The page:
Masking a service is a stronger form of disabling, as it prevents the service from being started even if another service or process tries to start it.

After disabling NetworkManager, your system will no longer have an active network connection. You’ll need to configure your network interfaces manually to restore connectivity.

Configure a static IP address using Fedora’s network scripts. Open the configuration file for your primary network interface (e.g., ifcfg-eth0) in a text editor:

sudo nano /etc/sysconfig/network-scripts/ifcfg-eth0

Modify the file to include the following lines, replacing the IP address, netmask, gateway, and DNS server values with your own:


Save the file and exit the text editor, then restart the network service for the changes to take effect:

sudo systemctl restart network

Your system should now have a working network connection using the manually configured static IP address.

To re-enable NetworkManager in the future, simply unmask (if masked), enable, and start the service:

sudo systemctl unmask NetworkManager
sudo systemctl enable NetworkManager
sudo systemctl start NetworkManager

Step 4. Disabling NetworkManager for a Specific Interface.

In some cases, you may want to disable NetworkManager for a specific network interface while keeping it active for others. To achieve this, you can configure the interface manually in the /etc/network/interfaces file and update NetworkManager to ignore the interface.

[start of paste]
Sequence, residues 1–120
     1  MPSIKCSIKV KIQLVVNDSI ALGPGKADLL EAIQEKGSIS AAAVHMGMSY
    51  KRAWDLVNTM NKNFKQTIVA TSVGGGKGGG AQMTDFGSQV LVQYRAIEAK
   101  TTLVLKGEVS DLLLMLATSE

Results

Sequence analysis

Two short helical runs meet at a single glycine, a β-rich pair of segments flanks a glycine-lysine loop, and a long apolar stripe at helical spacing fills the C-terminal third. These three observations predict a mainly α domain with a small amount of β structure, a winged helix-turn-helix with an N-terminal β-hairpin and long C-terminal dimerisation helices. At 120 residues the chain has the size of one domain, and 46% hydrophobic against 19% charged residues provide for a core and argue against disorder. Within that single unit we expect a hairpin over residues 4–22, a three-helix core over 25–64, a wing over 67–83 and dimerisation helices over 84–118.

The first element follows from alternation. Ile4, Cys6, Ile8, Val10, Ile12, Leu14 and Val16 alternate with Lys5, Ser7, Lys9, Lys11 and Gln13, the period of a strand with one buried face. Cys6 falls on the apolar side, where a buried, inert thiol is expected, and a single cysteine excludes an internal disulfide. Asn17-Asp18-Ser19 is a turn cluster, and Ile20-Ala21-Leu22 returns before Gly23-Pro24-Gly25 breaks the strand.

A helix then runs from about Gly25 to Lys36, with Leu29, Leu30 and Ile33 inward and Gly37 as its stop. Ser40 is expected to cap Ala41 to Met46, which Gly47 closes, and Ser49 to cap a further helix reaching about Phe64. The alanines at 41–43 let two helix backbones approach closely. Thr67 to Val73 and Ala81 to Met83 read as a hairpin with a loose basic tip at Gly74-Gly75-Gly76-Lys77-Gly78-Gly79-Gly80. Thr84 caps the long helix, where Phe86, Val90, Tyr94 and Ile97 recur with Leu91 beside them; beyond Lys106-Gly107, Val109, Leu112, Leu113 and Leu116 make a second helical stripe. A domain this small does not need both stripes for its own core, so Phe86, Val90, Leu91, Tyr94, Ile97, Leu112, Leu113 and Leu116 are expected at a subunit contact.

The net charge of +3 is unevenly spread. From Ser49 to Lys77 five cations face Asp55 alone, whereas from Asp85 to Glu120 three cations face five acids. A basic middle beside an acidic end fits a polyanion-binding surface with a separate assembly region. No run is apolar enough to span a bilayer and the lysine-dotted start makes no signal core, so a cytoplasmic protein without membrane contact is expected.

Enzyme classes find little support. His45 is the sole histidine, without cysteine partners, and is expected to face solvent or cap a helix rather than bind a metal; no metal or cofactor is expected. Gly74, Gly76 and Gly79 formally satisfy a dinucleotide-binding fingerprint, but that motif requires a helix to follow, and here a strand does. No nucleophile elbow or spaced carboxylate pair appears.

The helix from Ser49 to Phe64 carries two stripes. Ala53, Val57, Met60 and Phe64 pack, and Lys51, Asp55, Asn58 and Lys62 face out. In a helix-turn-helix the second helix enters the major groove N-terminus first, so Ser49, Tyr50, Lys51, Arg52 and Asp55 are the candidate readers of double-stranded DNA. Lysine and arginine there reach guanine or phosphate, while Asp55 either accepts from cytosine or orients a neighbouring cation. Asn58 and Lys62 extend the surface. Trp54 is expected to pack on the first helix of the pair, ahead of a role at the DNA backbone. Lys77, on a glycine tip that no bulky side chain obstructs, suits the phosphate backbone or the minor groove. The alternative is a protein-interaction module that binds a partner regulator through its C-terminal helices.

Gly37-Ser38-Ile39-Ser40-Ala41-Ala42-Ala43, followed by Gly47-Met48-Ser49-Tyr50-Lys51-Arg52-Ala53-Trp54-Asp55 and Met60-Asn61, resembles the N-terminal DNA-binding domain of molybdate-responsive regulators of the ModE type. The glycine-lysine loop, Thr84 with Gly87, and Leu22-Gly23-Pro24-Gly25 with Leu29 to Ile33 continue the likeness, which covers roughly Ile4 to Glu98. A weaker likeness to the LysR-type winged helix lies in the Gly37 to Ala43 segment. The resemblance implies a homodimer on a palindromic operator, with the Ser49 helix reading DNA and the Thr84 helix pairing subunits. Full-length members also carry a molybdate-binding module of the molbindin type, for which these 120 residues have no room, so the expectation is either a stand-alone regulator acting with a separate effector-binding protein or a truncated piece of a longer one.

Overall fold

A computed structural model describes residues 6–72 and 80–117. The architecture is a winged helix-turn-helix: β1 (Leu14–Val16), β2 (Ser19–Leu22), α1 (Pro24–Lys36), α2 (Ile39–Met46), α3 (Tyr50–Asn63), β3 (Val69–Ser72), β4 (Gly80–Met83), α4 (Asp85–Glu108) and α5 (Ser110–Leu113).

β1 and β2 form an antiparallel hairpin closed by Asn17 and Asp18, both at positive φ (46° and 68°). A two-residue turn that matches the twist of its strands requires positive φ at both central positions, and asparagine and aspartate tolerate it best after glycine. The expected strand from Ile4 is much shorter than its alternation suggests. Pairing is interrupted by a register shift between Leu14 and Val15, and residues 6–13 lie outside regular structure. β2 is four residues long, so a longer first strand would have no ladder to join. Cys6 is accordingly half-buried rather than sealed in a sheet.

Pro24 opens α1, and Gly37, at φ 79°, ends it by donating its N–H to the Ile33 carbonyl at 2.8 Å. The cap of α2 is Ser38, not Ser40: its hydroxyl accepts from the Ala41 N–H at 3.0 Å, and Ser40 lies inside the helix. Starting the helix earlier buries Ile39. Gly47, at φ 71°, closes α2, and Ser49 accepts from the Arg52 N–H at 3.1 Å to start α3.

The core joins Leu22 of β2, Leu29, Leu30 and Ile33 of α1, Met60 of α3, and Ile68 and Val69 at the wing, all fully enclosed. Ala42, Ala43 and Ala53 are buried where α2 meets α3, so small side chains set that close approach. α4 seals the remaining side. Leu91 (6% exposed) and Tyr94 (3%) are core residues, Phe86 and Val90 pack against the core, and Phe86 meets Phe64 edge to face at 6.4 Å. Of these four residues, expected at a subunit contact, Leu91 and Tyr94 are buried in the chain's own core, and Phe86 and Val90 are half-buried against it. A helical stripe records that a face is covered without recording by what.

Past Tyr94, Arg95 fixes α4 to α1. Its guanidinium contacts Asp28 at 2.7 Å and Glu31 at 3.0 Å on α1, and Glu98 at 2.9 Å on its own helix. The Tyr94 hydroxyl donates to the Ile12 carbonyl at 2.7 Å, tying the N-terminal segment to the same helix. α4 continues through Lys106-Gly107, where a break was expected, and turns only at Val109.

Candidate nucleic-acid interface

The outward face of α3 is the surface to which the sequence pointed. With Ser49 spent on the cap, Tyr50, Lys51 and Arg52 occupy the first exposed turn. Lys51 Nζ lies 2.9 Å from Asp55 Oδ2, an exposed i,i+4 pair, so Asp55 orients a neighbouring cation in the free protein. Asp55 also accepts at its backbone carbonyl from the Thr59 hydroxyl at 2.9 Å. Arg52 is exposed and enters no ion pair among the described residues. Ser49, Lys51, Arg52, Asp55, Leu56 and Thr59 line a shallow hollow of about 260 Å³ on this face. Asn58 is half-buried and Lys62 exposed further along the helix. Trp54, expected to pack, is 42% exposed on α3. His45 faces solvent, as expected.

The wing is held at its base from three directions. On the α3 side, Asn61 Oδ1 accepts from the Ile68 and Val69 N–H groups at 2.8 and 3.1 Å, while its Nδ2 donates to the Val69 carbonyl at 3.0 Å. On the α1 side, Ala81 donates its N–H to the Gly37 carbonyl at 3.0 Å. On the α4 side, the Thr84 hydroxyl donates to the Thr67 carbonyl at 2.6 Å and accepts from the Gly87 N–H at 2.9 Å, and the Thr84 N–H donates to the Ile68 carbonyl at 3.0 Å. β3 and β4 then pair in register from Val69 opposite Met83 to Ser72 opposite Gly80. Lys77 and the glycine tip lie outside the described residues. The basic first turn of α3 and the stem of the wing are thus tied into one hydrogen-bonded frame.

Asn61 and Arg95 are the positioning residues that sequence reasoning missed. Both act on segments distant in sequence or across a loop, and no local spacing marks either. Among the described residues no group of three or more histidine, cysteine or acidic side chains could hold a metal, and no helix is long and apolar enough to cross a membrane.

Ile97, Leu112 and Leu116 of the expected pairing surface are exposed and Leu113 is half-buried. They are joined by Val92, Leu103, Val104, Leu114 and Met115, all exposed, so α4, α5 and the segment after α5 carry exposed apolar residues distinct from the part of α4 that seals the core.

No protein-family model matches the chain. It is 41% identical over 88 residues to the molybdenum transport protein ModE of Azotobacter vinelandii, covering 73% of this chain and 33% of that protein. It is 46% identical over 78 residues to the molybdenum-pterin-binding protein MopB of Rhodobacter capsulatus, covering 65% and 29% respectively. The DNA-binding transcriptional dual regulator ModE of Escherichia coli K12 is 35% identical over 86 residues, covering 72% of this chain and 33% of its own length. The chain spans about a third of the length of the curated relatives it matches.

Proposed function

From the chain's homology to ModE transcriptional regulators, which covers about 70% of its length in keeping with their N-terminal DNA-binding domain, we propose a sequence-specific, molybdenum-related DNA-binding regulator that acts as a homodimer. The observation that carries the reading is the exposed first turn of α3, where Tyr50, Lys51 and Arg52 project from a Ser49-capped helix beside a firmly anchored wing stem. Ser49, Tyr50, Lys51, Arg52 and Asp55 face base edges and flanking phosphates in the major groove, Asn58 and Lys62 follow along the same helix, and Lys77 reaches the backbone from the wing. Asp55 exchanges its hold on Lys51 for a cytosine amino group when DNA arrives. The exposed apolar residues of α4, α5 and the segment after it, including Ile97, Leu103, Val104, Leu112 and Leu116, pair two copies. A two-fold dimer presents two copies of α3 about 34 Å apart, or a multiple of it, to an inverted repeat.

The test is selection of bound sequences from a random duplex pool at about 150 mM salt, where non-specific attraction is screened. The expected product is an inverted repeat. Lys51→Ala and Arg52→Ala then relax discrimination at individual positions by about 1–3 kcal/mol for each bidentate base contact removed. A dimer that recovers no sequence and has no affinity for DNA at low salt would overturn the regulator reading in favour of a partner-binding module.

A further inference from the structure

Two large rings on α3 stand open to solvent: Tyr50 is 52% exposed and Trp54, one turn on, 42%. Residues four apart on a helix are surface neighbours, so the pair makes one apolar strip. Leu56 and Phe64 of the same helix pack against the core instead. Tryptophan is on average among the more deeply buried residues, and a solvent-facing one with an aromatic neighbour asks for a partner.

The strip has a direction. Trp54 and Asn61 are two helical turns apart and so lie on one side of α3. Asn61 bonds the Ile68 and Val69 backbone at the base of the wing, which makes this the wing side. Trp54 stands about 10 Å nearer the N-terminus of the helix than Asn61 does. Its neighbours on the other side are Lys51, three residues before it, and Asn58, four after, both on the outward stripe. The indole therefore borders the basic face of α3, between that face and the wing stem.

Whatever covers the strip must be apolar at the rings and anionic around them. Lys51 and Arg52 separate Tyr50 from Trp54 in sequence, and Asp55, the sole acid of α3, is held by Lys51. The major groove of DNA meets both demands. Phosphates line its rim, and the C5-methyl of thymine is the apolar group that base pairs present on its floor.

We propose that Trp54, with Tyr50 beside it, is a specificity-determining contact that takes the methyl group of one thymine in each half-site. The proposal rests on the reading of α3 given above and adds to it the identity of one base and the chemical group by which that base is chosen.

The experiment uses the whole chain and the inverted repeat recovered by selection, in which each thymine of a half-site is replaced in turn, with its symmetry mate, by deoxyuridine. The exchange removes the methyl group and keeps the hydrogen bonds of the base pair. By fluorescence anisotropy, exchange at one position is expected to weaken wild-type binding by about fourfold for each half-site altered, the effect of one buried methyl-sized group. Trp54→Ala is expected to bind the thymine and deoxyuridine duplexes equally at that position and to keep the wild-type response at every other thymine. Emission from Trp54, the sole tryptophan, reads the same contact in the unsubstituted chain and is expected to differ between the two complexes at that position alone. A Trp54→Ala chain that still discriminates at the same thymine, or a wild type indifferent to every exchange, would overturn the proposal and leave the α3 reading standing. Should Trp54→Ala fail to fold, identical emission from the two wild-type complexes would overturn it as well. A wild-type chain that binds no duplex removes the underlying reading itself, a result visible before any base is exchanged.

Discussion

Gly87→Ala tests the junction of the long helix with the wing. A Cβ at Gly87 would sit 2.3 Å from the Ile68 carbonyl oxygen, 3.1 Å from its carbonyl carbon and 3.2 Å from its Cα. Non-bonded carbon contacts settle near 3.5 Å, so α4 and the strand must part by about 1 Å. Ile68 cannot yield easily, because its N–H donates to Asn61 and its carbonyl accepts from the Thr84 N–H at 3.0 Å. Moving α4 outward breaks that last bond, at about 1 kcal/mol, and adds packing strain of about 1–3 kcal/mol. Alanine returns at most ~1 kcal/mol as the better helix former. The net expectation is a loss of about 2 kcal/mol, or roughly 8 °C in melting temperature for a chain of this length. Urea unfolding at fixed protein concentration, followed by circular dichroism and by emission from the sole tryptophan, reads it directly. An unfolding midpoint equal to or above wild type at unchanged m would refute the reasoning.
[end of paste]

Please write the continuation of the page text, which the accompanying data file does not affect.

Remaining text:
Open the /etc/network/interfaces file in a text editor:

sudo nano /etc/network/interfaces

Add the following lines to the file, replacing <interface-name> with the actual name of the interface you want to configure manually:

auto <interface-name>
iface <interface-name> inet static

Adjust the address, netmask, gateway, and dns-nameservers values according to your network setup.

Next, open the NetworkManager configuration file (/etc/NetworkManager/NetworkManager.conf) in a text editor:

sudo nano /etc/NetworkManager/NetworkManager.conf

Locate the [main] section and add the following line to ignore the interface configured in /etc/network/interfaces:


Save the file and exit the text editor, then restart the NetworkManager service for the changes to take effect:

sudo systemctl restart NetworkManager

NetworkManager will now ignore the specified interface, allowing it to be managed manually while continuing to manage other interfaces automatically.

Congratulations! You have successfully disabled NetworkManager. Thanks for using this tutorial for Disable NetworkManager on your Fedora 39 system. For additional or useful information, we recommend you check the official Fedora website.

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r00t is a seasoned Linux system administrator with a wealth of experience in the field. Known for his contributions to idroot.us, r00t has authored numerous tutorials and guides, helping users navigate the complexities of Linux systems. His expertise spans across various Linux distributions, including Ubuntu, CentOS, and Debian. r00t's work is characterized by his ability to simplify complex concepts, making Linux more accessible to users of all skill levels. His dedication to the Linux community and his commitment to sharing knowledge makes him a respected figure in the field.